Allegories of Encounter
Colonial Literacy and Indian Captivities
Presenting an innovative, interdisciplinary approach to colonial America's best-known literary genre, Andrew Newman analyzes depictions of reading, writing, and recollecting texts in Indian captivity narratives. While histories of literacy and colonialism have emphasized the experiences of Native Americans, as students in missionary schools or as parties to treacherous treaties, captivity narratives reveal what literacy meant to colonists among Indians. Colonial captives treasured the written word in order to distinguish themselves from their Native captors and to affiliate with their distant cultural communities. Their narratives suggest that Indians recognized this value, sometimes with benevolence: repeatedly, they presented colonists with books.
In this way and others, Scriptures, saintly lives, and even Shakespeare were introduced into diverse experiences of colonial captivity. What other scholars have understood more simply as textual parallels, Newman argues instead may reflect lived allegories, the identification of one’s own unfolding story with the stories of others. In an authoritative, wide-ranging study that encompasses the foundational New England narratives, accounts of martyrdom and cultural conversion in New France and Mohawk country in the 1600s, and narratives set in Cherokee territory and the Great Lakes region during the late eighteenth century, Newman opens up old tales to fresh, thought-provoking interpretations.
Andrew Newman is associate professor of English at Stony Brook University.
"This especially timely work distills a decade of groundbreaking research in early American book studies and provides a new approach for reading captivity narratives, a genre long held to be the wellspring of a truly 'American' literature. Newman fruitfully reimagines early American stories of captivity as 'literacy events,' demonstrating how this genre continually reenacts the 'primal scene' of American colonialism as an allegory pitting story against discourse, and narrative present against typological past."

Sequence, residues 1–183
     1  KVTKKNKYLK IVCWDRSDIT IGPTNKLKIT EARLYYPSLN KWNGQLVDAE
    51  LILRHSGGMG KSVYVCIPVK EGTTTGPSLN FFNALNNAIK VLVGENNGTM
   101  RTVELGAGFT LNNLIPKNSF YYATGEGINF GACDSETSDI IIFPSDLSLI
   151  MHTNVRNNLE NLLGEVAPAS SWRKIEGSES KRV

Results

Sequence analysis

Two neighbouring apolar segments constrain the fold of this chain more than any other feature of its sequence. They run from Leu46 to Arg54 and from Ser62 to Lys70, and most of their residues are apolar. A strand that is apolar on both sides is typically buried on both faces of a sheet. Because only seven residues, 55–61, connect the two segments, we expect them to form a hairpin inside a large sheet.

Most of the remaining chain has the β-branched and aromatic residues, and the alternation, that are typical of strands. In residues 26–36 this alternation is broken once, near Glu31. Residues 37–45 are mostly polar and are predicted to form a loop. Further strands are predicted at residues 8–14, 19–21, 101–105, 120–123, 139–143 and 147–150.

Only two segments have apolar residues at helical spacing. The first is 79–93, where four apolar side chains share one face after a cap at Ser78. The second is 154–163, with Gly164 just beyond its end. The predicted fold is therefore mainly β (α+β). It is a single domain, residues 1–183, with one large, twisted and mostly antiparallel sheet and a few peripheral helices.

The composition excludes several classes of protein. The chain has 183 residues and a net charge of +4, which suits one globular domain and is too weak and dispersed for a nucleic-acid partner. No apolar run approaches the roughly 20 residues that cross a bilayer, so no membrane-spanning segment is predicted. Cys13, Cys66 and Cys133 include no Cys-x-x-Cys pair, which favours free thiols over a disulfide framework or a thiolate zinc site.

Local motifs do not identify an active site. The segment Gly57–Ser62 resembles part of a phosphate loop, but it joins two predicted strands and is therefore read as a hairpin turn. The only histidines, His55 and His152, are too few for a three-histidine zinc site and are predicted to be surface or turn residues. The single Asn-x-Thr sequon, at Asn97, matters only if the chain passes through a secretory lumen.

--Phillip H. Round, University of Iowa
"In this fascinating study, Andrew Newman explores how captives ranging from Mary Rowlandson to John Marrant drew meaning from literacy and literature as they reflected on their own experiences and used citations and allusions to interpret those experiences for a broader audience. Historians will be intrigued by Newman's insightful new take on an essential topic in early American studies."
--Christina Snyder, Pennsylvania State University
"With clear-eyed skepticism and wry prose, Andrew Newman compellingly reads allegory, typology, allusion, and onomastics, not as mere figures of speech, but as historical agents in the shaping of colonialism and its enactors. At a time when critics and historians are rethinking the very tenets of scholarly judgment, Allegories of Encounter shows how much is to be gained from revisiting an earlier era, when literary allusion itself constituted a sometimes wishful, sometimes violent act of cultural boundary-making. Captivity didn’t just yield literature in the colonial era--it was a literary experience for all concerned."
--Matt Cohen, University of Nebraska-Lincoln
“Well argued and written . . . Highly recommended as an interdisciplinary academic text that offers one example of a nuanced method of literary historicism.”
“Provocative and original. . . . Newman turns an ethnographic gaze on the literacy beliefs and practices of the settler-colonists, reenvisioning how those practices sustained them even when their textual access was mediated by their Native American captors.”